- Very fine solid particles (smoke, dust) or liquid droplets (moisture) suspended in the air, slightly limiting visibility.
- 1772 December, James Cook, wikisource:A_Voyage_Towards_the_South_pole_and_Around_the_World, A_Voyage_Towards_the_South_pole_and_Around_the_World, vol. 1 ch. 2:
- Our hopes, however, soon vanished; for before eight o'clock, the serenity of the sky was changed into a thick , accompanied with rain.
- 1895, H.G. Wells, wikisource:The Cone, The Cone:
- A blue , half dust, half mist, touched the long valley with mystery.
- The degree of cloudiness or turbidity in a clear glass or plastic, measured in percent.
- 1998, Leonard I. Nass and Charles A. Heiberger, Encyclopedia of PVC http://books.google.com/books?id=mDe7EidmglIC&, ISBN 0824778227, page 318:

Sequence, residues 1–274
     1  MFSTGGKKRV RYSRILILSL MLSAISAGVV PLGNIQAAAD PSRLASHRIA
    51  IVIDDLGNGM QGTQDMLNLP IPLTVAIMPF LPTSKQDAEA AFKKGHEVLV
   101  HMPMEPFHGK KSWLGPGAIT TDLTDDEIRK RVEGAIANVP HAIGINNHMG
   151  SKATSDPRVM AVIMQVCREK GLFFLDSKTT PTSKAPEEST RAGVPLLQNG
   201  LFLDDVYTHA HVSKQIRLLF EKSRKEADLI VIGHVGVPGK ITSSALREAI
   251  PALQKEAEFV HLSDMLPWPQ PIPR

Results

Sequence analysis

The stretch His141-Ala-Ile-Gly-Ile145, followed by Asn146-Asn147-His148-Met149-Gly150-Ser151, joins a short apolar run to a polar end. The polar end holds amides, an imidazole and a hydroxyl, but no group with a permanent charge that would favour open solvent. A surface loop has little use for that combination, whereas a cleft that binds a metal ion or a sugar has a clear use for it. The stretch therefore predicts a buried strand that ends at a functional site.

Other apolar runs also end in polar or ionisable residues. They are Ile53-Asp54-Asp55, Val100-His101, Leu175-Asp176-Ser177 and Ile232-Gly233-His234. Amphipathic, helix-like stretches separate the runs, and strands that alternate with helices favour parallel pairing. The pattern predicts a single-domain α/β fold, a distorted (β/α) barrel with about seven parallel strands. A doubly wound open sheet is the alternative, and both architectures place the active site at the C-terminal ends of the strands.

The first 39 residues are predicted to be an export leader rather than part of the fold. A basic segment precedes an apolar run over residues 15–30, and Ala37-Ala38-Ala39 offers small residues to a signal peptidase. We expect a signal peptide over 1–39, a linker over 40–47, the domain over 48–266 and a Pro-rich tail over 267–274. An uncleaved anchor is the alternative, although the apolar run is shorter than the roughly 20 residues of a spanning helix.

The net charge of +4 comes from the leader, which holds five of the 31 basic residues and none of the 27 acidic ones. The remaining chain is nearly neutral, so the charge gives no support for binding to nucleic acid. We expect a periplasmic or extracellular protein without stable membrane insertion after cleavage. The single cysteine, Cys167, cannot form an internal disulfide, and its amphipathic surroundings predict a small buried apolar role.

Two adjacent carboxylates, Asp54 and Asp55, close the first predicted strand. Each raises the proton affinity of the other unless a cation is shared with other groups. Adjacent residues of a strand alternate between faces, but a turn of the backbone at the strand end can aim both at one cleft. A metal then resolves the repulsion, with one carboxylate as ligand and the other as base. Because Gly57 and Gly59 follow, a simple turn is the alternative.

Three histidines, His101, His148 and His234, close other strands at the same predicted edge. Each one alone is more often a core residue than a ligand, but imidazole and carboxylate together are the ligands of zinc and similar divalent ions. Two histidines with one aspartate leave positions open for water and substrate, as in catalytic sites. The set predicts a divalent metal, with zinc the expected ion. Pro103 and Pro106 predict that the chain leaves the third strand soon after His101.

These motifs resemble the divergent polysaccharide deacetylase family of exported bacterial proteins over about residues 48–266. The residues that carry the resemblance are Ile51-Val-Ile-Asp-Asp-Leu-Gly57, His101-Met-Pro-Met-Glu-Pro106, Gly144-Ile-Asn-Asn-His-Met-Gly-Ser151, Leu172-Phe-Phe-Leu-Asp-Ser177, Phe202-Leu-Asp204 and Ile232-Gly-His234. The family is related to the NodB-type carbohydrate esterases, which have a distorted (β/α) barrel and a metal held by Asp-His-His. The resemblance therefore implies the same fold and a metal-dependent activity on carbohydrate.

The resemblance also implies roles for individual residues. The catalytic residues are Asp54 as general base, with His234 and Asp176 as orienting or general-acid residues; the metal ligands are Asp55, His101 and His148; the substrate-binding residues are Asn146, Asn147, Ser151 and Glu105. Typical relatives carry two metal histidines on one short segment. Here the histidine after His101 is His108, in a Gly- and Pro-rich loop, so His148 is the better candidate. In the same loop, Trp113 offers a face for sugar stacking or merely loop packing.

- Haze is listed as a percent value and, typically, is about 1% for meat film.
- (brewing, countable) Any substance causing turbidity in beer or wine.
- 1985, Philip Jackisch, Modern Winemaking http://books.google.com/books?id=Zf-24UvvT4oC, ISBN 0801414555, page 69:
- Various clarifying and fining agents are used in winemaking to remove hazes.
- Mental confusion; the state of being in a haze.
- 2000, Daphné Du Maurier, The Scapegoat http://books.google.com/books?id=cf4-iVG03pEC, ISBN 081221725X, page 218:
- In my of alcohol, I thought for one crazy instant that he had plumbed my secret.
verb (hazes, hazing, hazed)
- German: Dunst
- Spanish: bruma
(trans-top, degree of cloudiness in a glass or plastic)
- To perform an unpleasant initiation ritual upon a usually non-consenting individual, especially freshmen to a closed community such as a college or military unit.
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